Government resists calls to regulate madrassas
Posted: Thu, 26 Jan 2012
Children & Families Minister Tim Loughton MP has said that he is not convinced there is any need to regulate Britain's madrassas, despite clear evidence of abuse.
The Minister was responding to concerns expressed by the National Secular Society about child protection in Islamic schools. This followed a BBC investigation which revealed that over 400 allegations of physical abuse (and 30 of sexual abuse) were made at Britain's madrassas in the last three years. Only 10 cases went to court, and of these only two apparently led to convictions.
A senior prosecutor has suggested that these figures were likely to represent only the 'tip of an iceberg'. Nazir Afzal, the chief crown prosecutor for the North West of England, has commented that the figures represent "a significant underestimate".
UK madrassas are attended by more than 250,000 children from Muslim backgrounds every day for lessons on the Quran and Islamic culture.
In a letter to the Society, Mr Loughton said he was not convinced that it would be practicable for Government to implement a national register of madrassas and that any consideration of this would have to include all supplementary schools. To focus only on madrassas would appear discriminatory and could reinforce unhelpful stereotypes. Mr Loughton added "We would want any measures to improve safeguarding in out-of-school provision to be proportionate and not impose additional burdens on the sector as a whole."
The National Secular Society also called on Mr Loughton to implement without delay recommendations made by an official report (accepted by the previous Government in 2010) to extend the ban on physical punishment in schools and other children's settings to supplementary schools, including madrassas. At present, corporal punishment is legal in religious settings, so long as it does not exceed "reasonable chastisement". Mr Loughton has told the National Secular Society that the Government is considering the report's recommendations.
Dr Ghayasuddin Siddiqui is the founder of the Muslim Institute think-tank and he has long campaigned against child abuse within faith-based environments. He has voiced concerns that large numbers of unregulated organisations are opening madrassas across the country - most in mosques but some in garages, abandoned pubs or private homes. He argues that abuse is far too common; "Some kind of system must be put in place to ensure that only teaching takes place there, not sexual or physical abuse."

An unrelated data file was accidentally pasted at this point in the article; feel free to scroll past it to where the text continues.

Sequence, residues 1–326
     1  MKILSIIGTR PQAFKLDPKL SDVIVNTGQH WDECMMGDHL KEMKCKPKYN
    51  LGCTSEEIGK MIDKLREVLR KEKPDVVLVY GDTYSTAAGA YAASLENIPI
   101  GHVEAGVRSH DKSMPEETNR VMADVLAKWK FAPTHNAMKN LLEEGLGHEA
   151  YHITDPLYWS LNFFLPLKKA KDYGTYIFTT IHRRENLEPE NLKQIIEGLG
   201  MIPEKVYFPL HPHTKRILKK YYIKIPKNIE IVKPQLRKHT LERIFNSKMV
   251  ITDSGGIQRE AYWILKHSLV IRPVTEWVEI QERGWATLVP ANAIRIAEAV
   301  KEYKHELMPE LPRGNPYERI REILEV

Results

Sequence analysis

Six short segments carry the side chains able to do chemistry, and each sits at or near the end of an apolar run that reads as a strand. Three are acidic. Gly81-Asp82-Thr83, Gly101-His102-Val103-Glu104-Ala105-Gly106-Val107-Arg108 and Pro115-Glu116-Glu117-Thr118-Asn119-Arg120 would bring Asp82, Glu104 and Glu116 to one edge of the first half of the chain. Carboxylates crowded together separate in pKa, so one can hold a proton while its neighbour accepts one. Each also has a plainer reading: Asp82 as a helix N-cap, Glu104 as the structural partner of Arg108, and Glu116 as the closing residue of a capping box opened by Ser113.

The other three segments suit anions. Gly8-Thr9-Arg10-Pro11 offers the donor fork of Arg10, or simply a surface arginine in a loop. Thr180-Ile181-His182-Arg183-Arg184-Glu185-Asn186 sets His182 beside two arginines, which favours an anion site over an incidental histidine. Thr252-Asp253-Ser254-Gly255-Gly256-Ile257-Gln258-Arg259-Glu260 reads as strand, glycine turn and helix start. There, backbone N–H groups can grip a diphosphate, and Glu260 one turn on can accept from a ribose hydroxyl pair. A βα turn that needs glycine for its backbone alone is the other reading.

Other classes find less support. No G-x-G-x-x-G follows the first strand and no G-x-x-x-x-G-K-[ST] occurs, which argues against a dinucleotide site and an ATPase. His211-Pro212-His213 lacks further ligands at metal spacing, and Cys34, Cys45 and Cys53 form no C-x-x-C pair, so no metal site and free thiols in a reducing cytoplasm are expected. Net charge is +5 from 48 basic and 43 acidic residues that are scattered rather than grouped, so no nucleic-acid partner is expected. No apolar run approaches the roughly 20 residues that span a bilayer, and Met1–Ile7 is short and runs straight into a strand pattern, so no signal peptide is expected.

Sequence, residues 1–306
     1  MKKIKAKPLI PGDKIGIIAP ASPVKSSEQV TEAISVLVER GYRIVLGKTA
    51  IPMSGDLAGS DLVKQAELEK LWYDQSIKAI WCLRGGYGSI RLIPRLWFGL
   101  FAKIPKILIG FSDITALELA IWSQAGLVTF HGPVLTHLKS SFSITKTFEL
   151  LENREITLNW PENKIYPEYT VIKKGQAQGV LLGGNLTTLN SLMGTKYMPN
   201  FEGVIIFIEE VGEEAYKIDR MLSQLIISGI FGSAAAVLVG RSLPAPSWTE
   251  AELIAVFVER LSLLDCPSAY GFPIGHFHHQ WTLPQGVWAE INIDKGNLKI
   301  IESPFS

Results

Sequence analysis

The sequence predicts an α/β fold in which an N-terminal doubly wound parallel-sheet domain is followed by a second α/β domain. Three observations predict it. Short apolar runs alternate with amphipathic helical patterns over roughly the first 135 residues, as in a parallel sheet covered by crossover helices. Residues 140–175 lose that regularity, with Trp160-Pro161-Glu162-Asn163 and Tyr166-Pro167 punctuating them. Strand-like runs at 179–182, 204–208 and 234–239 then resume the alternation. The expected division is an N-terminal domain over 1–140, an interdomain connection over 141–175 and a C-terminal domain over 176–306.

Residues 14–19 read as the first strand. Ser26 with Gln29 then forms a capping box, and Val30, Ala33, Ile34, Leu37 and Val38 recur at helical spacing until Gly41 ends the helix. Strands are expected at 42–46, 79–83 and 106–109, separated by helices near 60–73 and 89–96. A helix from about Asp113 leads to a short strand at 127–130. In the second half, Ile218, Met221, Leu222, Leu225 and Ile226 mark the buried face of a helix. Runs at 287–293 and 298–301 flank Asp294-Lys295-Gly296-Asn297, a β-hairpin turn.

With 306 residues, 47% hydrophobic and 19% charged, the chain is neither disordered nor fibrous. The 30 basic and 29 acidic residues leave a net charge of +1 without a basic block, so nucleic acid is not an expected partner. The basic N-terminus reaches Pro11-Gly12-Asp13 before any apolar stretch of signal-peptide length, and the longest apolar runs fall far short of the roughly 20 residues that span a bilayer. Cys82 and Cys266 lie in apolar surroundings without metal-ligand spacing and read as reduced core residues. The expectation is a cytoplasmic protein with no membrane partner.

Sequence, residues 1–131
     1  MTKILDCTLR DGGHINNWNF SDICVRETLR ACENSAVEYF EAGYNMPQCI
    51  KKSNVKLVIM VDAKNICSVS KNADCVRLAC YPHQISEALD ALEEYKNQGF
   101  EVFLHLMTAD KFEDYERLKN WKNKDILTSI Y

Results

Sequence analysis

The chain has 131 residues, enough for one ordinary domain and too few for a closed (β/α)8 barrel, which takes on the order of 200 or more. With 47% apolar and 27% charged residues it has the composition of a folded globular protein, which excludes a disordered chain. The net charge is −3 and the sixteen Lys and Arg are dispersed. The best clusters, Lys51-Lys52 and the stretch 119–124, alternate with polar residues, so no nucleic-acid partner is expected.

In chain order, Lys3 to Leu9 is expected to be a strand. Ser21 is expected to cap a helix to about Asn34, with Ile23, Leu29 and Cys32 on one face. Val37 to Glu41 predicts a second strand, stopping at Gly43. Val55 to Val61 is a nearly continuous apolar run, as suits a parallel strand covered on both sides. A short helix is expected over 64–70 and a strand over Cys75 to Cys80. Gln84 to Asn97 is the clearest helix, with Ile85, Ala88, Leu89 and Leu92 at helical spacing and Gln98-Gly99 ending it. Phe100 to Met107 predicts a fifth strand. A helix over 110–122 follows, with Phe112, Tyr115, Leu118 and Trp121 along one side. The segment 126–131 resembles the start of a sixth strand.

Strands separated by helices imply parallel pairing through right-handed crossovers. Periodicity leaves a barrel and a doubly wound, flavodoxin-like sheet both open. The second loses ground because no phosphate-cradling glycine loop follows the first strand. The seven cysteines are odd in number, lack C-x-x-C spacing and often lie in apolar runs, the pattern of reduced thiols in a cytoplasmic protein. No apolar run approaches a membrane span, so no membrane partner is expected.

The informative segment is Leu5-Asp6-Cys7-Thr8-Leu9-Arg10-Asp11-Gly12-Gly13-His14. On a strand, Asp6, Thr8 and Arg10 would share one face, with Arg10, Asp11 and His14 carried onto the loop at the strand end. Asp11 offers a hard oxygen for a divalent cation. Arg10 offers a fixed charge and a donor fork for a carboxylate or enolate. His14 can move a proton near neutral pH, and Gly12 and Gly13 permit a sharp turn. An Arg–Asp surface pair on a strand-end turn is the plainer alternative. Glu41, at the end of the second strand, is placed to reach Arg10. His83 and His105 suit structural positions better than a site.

However, Mohammad Shahid Raza, chairman of the Mosques and Imams National Advisory Board, which was set up to improve standards in mosques, has said he would prefer the issue dealt with through self-regulation.
Stephen Evans of the National Secular Society, said: "It is clear that the current legal situation leaves children without sufficient protection in madrassas. The warning signs are clear that a soft-touch approach to this issue will only serve to facilitate widespread abuse of children within the Islamic tradition in the UK. There is understandably some reluctance within the community to voice their concerns over child protection. It is therefore important that the Government resists calls for self-regulation and tightens the law in this area to provide the necessary protection for vulnerable children."
The National Secular Society also expressed concerns over the lack of criminal record checks (CRBs) in madrassas. Under current regulations, madrassas and other supplementary schools are encouraged, but not required, to have CRB checks for all their staff members. A recent survey of madrassas revealed that 11 per cent of respondents did not undertake CRB checks on any of their staff. The Government say this loophole will be closing as new legislation (subject to Parliamentary approval of the Protection of Freedoms Bill) will soon require organisations to check that any adult they take on to look after children unsupervised is not barred from working with children.